Vascular Disease Risk a Consideration in Endocrine Therapy for Breast Cancer
NEW YORK (Reuters Health) - Whether a female breast cancer survivor receives an aromatase inhibitor (AI) or tamoxifen should be based on the drug's effectiveness against recurrence, but her risk of venous or arterial disease should also be considered, researchers say.
"Our systematic review reported consistent trial and observational evidence of an increased risk of venous thromboembolism in tamoxifen users compared to AI users," Dr. Anthony Matthews of London School of Hygiene and Tropical Medicine in the UK, told Reuters Health by email.
"There was also evidence of a higher risk of several vascular disease outcomes in AI users compared to tamoxifen users, which may be driven by a protective effect of tamoxifen," he said.
"However," he added, "there is still little evidence on the association between AI use compared to non-use and most cardiovascular disease outcomes, and further studies are needed to fully understand these associations."
Dr. Matthews and colleagues investigated the risk of specific cardiovascular outcomes associated with use of the two therapies in women treated for non-metastatic breast cancer.
As reported online October 8 in BMJ, the review and meta-analysis included 15 randomized controlled trials and 11 observational studies. About 30% of studies were from North America, 42% from Europe, 15% international, 8% from Taiwan, and 3% from Egypt.
The studies looked at seven outcomes: venous thromboembolism, myocardial infarction, stroke, angina, heart failure, arrhythmia, and peripheral vascular disease.
The relative risks of specific outcomes varied, depending on the type of study, comparators, and other methodological factors.
"Overall, the totality of the randomized controlled trial and observational evidence suggests a decreased risk of venous thromboembolism in aromatase inhibitor users compared with tamoxifen users, which is probably accounted for by an increased risk in tamoxifen users," the authors state.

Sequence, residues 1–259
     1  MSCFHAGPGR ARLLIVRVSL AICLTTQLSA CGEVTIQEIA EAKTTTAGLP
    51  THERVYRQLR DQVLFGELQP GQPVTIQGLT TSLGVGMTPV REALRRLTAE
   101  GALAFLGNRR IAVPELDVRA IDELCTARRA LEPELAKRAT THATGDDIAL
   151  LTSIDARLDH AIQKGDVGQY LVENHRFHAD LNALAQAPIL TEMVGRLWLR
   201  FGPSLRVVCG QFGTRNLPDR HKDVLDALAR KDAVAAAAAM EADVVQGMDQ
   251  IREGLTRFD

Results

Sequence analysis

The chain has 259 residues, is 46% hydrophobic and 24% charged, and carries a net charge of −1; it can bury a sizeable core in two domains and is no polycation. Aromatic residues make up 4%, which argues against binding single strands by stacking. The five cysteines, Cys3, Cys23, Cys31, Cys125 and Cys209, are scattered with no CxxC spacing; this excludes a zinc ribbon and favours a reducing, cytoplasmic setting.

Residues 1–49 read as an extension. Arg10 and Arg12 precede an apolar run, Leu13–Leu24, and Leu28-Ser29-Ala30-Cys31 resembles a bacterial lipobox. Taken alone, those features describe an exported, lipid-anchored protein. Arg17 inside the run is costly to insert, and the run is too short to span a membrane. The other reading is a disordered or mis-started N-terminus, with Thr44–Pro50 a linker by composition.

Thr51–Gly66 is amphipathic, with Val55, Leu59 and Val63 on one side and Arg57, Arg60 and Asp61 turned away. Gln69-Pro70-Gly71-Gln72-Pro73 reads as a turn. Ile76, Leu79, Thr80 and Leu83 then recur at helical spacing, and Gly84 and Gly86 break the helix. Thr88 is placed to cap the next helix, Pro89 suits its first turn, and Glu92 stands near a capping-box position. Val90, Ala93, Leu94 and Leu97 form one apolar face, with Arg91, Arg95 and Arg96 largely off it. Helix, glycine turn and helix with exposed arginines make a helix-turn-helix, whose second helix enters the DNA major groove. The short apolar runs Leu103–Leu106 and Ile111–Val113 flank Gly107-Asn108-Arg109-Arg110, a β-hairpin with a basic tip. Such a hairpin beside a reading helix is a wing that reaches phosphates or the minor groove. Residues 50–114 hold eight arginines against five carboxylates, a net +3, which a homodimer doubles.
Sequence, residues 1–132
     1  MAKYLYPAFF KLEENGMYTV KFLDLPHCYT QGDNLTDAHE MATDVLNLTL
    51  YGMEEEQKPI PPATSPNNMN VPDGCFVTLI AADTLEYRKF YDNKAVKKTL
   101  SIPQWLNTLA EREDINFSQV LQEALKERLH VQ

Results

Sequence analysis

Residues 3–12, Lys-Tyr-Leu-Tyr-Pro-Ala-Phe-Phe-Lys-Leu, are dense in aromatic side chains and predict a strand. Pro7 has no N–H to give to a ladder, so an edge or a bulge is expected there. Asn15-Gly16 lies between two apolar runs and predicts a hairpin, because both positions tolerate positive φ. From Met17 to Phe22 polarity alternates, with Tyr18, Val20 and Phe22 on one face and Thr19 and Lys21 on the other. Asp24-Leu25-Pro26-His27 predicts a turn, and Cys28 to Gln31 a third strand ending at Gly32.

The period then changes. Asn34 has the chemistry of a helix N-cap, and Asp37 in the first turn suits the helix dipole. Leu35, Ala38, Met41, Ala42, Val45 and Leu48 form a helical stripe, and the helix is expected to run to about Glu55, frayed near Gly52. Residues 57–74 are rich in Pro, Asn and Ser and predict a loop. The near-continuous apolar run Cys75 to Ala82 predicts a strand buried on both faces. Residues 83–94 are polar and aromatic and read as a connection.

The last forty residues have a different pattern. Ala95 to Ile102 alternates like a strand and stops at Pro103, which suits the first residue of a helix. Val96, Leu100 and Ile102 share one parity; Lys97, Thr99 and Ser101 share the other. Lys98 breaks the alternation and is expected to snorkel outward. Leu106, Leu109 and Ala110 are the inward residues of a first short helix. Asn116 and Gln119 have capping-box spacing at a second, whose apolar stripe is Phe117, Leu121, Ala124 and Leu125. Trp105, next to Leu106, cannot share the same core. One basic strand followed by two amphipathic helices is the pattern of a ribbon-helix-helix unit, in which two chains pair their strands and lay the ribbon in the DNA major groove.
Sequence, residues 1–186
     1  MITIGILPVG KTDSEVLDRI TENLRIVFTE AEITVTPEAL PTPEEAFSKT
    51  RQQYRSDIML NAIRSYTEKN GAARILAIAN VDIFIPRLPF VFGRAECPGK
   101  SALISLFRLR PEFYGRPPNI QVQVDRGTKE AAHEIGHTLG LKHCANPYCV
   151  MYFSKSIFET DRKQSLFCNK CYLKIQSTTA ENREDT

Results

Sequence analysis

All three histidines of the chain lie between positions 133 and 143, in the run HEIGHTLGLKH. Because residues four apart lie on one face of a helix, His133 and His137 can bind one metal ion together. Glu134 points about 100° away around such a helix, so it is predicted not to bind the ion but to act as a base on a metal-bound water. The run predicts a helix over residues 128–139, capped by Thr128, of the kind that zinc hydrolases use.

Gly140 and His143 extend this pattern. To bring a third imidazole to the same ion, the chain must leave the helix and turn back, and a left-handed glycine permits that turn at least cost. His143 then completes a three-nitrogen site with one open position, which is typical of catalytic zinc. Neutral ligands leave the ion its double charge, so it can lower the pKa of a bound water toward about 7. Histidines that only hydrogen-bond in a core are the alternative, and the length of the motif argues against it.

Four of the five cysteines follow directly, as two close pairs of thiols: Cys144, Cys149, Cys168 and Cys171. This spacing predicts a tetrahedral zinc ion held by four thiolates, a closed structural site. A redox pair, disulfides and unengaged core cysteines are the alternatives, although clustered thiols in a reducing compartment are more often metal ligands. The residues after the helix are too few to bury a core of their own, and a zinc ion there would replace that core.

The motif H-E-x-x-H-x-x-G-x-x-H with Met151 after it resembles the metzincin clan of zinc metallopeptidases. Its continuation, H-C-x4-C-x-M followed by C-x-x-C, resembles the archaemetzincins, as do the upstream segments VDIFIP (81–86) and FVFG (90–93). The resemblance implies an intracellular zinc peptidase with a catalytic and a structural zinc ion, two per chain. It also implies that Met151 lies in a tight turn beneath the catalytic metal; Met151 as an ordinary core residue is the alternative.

"The evidence also suggests," they continue, "that tamoxifen may have a protective association with vascular cardiovascular diseases, which may drive the higher risk of these outcomes in aromatase inhibitor users when directly compared with tamoxifen users."
"The results for some cardiovascular disease outcomes (are) still a mixed picture, many of the existing studies are susceptible to various sources of bias, and cardiovascular disease outcomes collected in oncology trials are generally limited," they add.
"In clinical practice," Dr. Matthews said, "choice of endocrine therapy should continue to be primarily based on the effectiveness against recurrence of breast cancer, but the totality of evidence we have accumulated shows the need for clinical vigilance when prescribing these medications to patients at risk of venous or arterial vascular disease."
Dr. Mateusz Opyrchal, Assistant Professor of Oncology at Roswell Park Comprehensive Cancer Center in Buffalo, New York, told Reuters Health, "The underlying hypothesis is that tamoxifen decreases the risk of cardiovascular disease based on randomized clinical trials comparing tamoxifen to placebo and that AIs do not increase the risk based mostly on the MA.17 and MA.17R extended AI trials, which did not demonstrate an appreciable increase in the cardiovascular events for an additional five years of AI."
"The current meta-analysis . . . shows that there is a significant but small difference between the two groups, favoring tamoxifen from the cardiovascular standpoint (less events) and AIs from the venous thromboembolic standpoint (less events with AI therapy)," he said. "These findings are not surprising because thromboembolism is a known side effect of tamoxifen but not of AIs."
"Ultimately, the choice for most high-risk patients should be AI if tolerated," he suggested. "In the low-risk population, the therapy should be personalized based on all of the risk factors and patient preferences."